Pulse Nightclub Attack Brings Invisible Demographic to Worldwide View

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In light of Saturday’s horrific shooting at Pulse Nightclub, the LGBT Latino community is stepping out of their shadow.

Often seen as an invisible demographic, the world now is now becoming familiar with a group that is prominent throughout the southern United States, especially Florida.

The shooting, seen by much of the media as a hate crime, has forced many to ask whether the attack specifically targeted the Latino community.

Most of those killed were of Hispanic descent, hailing from countries like the Dominican Republic, Mexico, and Colombia. Of the 49 victims, 23 were Puerto Rican.

On Saturday, Pulse nightclub hosted its popular Latin night event. Yet what should have been a celebratory evening of music and dancing to celebrate Latino culture turned deadly when a gunman entered the club and shot more than 100 people.

As of right now, no one has answers as to why the gunman committed this act of violence. But members of the LGBT community are vocal in saying that this was a hate crime towards not only gays and lesbians but the Latino community as well.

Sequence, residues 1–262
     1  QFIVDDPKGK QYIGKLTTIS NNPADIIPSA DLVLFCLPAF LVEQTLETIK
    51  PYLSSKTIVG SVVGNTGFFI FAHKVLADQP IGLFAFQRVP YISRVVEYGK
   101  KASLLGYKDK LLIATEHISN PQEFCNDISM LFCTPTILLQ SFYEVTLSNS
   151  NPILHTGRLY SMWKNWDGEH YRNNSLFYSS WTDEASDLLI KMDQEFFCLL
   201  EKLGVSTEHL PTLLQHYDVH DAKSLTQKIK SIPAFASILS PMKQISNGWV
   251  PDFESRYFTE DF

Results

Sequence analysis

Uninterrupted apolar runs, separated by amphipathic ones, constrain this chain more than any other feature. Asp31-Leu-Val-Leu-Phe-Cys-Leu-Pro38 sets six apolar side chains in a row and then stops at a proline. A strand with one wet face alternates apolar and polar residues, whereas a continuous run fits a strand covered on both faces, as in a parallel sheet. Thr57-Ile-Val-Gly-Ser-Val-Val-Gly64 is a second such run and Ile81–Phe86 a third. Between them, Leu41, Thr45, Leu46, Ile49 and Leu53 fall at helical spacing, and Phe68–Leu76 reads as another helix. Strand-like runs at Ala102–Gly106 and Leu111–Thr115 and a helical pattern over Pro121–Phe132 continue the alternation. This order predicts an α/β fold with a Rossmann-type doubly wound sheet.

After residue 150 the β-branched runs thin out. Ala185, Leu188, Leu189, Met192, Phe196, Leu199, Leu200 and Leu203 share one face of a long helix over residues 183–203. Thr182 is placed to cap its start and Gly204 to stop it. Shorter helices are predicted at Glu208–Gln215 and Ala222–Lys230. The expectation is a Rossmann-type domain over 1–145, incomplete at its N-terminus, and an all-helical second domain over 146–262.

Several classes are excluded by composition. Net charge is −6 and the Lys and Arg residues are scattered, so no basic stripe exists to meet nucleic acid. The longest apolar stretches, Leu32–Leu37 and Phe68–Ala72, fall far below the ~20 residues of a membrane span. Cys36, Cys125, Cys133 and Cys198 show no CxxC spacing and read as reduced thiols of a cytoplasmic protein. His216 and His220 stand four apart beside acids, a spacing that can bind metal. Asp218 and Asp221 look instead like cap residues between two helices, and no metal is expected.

Eric Martinez, a gay man of Puerto Rican descent, lost a friend in the attack. He told CBC News, “Both things unfavorable to certain people — people who don’t like gays, people who don’t like Latinos.”

Although some organizations focus on helping Latino families cope with grief, some have noted a lack of services available for Latinos in the LGBT community. Additionally, some families were reported to not have known anything about their loved one’s sexual orientation before the attack.

LGBT communities in Orlando and across the country are hoping this attack will shed some light on the social and medical issues faced daily by this invisible demographic.

Young gay and bisexual men commonly suffer from health issues, including anxiety, depression, self harm, and suicide attempts. These mental health conditions can lead to a domino effect of other ailments, from heart disease to stroke to even common conditions like asthma, which increases the risk for sleep apnea by 40%.

Additionally, Latinos are one of the fastest-growing demographics in this nation. In Florida alone, Latinos account for more than a quarter of the state population, and the state is home to about 850,000 people of Puerto Rican descent.